More than a year and half into the COVID-19 pandemic, life has almost returned to normal for many of us.
Students are back in the classroom, sports fans are once again in the stands and people are planning holiday parties.
But one step inside the intensive care unit at your local hospital will show you why doctors and nurses are still more than just concerned about this virus.
They are, as one nurse put it, terrified.
13News got a rare, eye-opening look at what life is really like for our frontline health care workers and what they’re still facing.
“This is an actual look into what it's like,” said Molly Warren, a nurse inside the intensive care unit at Community Hospital South. “I cried a couple of times at work yesterday, and I cried all the way home.”
That’s because, more than 18 months after COVID-19 first appeared, it continues to dominate the ICU at Community Hospital South.
Community Health provided 13News with video that was taken over the span of about eight hours one day earlier this fall.
Inside the ICU:
In the Community Hospital South ICU, 11 of the 12 beds were full.
Eight of those 11 patients were COVID-positive. That means they were in isolation — where visitors were not allowed.
One man was struggling to breathe and wanted to call his wife.
“This is Laurie, your husband’s nurse today,” said the nurse into the phone. “We're at that point we're gonna have to put him on a ventilator — a breathing machine — because we're having trouble oxygenating him. So he wanted to call and tell you he loves you before we sedate him.”
Due to patient confidentiality, 13News wasn’t able to find out what happened to that particular patient.
"Unfortunately, this is a conversation we have to have way too often,” said Erin Willis. “I’ve held more hands of people dying in the last year and a half than anyone should have to in a lifetime. Sometimes, I get mad and just want to throw things because it is frustrating — day after day.”
Because those patients are in isolation, Willis said nurses aren’t just providing medical care for them. They play a variety of crucial roles.
“They can’t have a family member in there with them. They’re alone,” said Willis. “So we’re playing nurse, family member, loved one, chaplain sometimes, dietary doctor. I mean, we play all the roles.”
Some patients in the unit on this particular day were well enough to be moved to other units within the hospital.
The problem was, there were no beds available.
So, those patients remained in the ICU.
“It’s just — that’s life now. We’re on diversion. Every hospital in the city is on diversion,” said Willis.
Diversion means ambulances have to find another hospital to take incoming patients. But when every hospital is on diversion, Willis said they can’t refuse patients. Someone has to treat them.
So hospitals find a place — any place — to put them so they can be cared for.
It can be a tricky problem. One that, according to nurses, every hospital in Indianapolis was facing that day.
“We're exhausted. Just exhausted,” said Marcus Guajardo, ICU nurse manager at Community Hospital South. “We are fighting as hard as we can, but it is getting harder and harder to keep that fight up.”
The intensive care unit of a hospital has always been home to life and death struggles. But Guajardo said this is different.
“This surge and the last surges we’ve had ever since the vaccine has come out has made things 10 times worse only because we have solution,” he said. “We still have half the country choosing not to do it [get vaccinated], and it's very frustrating.”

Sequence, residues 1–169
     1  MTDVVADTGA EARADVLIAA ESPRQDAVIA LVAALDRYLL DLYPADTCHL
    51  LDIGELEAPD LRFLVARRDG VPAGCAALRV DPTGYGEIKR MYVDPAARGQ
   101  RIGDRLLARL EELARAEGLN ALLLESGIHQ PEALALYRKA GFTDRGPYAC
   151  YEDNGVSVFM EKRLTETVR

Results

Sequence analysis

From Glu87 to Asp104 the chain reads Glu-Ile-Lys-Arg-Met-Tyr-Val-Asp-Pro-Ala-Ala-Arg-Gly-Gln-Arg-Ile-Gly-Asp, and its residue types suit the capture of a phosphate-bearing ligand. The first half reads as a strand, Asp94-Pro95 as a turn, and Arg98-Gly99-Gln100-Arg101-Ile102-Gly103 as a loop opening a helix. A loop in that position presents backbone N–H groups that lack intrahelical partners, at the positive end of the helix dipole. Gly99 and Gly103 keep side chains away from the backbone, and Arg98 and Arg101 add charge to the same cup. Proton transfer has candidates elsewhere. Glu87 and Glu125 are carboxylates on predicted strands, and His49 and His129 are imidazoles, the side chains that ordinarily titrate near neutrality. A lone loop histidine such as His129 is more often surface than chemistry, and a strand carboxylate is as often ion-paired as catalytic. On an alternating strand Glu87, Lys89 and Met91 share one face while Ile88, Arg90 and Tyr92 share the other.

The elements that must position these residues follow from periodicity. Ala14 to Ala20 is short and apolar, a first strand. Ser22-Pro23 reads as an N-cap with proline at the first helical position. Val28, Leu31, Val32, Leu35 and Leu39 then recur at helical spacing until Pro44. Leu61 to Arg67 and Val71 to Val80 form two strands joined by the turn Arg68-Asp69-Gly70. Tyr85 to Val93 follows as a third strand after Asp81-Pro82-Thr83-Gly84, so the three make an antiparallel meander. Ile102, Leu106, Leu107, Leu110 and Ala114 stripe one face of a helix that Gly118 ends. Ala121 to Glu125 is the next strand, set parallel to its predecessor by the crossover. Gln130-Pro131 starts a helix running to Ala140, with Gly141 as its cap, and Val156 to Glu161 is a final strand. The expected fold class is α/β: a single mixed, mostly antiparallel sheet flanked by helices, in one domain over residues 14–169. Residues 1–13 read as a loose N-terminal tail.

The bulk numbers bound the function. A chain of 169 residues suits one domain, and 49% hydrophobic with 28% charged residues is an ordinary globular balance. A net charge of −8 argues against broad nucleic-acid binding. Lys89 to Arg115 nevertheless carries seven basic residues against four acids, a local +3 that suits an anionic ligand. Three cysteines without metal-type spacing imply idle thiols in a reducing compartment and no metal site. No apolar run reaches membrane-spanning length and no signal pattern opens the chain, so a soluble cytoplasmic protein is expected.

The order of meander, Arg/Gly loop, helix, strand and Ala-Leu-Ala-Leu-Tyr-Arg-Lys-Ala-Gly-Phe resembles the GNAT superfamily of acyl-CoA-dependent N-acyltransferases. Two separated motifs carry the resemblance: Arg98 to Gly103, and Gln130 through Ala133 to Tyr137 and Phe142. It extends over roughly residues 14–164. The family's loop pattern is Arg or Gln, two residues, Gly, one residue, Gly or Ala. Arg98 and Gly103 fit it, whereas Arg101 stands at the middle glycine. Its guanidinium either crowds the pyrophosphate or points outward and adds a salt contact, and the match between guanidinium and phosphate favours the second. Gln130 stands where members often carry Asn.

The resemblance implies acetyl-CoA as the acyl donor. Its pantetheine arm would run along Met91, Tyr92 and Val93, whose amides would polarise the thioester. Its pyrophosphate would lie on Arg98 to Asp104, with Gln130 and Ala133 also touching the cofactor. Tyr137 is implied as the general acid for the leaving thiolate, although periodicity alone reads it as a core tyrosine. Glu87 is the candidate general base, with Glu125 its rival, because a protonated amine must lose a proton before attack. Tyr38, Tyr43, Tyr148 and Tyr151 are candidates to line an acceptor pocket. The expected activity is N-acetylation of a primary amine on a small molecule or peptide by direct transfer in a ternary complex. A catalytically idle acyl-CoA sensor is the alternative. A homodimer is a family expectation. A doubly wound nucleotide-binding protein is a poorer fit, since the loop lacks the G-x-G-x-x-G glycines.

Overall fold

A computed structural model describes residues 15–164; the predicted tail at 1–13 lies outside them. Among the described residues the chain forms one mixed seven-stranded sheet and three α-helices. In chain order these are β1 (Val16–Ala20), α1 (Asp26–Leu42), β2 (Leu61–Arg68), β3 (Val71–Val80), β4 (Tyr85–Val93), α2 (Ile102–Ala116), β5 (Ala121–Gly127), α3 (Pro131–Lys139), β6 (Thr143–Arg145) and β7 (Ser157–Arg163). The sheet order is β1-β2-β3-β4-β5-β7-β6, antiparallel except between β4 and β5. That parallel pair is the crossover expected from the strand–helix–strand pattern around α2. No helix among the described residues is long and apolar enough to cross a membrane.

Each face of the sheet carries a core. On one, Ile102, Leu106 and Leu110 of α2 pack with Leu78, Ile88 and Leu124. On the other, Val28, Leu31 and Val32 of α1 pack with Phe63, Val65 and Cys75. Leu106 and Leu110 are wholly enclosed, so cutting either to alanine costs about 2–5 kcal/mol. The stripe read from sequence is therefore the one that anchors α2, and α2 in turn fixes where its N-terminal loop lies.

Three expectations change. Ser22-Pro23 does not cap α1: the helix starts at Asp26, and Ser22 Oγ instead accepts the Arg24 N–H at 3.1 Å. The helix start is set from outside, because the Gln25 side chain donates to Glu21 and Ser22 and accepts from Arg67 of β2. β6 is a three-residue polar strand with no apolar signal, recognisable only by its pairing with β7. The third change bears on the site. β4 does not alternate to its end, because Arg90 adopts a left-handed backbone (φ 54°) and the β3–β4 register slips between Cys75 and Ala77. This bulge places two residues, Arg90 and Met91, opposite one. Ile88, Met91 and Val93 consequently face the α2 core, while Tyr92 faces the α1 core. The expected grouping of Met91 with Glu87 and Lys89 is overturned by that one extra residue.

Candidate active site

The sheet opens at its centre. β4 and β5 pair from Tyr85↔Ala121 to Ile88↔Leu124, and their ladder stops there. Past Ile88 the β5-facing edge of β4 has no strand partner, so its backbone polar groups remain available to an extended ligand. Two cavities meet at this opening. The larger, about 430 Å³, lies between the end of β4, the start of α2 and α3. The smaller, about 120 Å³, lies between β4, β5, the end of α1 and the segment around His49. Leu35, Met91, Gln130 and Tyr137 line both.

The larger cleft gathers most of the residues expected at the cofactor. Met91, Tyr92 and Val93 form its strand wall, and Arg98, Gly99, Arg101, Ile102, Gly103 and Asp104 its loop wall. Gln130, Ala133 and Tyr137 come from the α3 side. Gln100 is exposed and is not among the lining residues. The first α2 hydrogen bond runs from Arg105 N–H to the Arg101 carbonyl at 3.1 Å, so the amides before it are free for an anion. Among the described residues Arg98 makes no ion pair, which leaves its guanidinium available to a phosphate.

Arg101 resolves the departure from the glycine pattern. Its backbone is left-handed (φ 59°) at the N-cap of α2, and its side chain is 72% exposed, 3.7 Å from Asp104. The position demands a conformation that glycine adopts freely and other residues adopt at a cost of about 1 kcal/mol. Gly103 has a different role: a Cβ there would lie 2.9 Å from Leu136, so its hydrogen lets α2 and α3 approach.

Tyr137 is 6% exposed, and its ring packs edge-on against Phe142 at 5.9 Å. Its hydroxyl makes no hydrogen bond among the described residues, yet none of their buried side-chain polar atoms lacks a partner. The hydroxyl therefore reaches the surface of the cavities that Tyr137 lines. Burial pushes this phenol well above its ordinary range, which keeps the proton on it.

ICU nurses said none of the COVID-19 patients in the ICU at that time had been vaccinated.
“Usually, our country comes together at some of our worse times. But I feel like right now we are a divided country, and I wish science wasn’t politicized. I don’t care if you’re a Republican or a Democrat or who you voted for,” Guajardo said. “What matters is — we can end this death and all of this illness if we come together as a country and get vaccinated.”
Guajardo said managers today are focusing more than ever on emotional assistance programs for their employees. They're also encouraging frontline workers to take time off.
“As nurses, we learn, we adapt we make it work and continue to come back everyday to take care of our patients,” said Willis.
But not all nurses feel that way anymore. According to a survey for the American Association of Critical Care Nurses, 66% of respondents said they felt their pandemic experiences have led them to consider leaving nursing. Nine in 10 said they think the pandemic has depleted nurses at their hospitals, and because of this, their careers will be shorter than they planned.
Guajardo heard from one of those nurses.
“She told me she has seen too much death — that she loves being a nurse, loves being in health care, but had to do something else because of all the death that she's seen over the last year and a half,” he said.
Impact at Home:
Guajardo says frontline health care workers can’t leave their pandemic work at work.
"I lie in bed at night just thinking about what the next day's going to bring,” he said. "I know this has taken an emotional toll in myself, and I can't imagine what its done to my staff."
When Willis comes home, her husband, Brent, can see the toll it’s taking.
"I definitely see it wearing on her and way more than I used to. And to see that to the people who you love and care about the most — is terrible,” said Brent.
“There’ve been multiple time during this that I’ve said ‘How do we get you out of there?’ But I know that’s her passion that’s what she loves to do.”
They offer what only they can — their love and support.
“It’s a huge help because I think if I did not have that, I would be in a much worse place,” said Willis.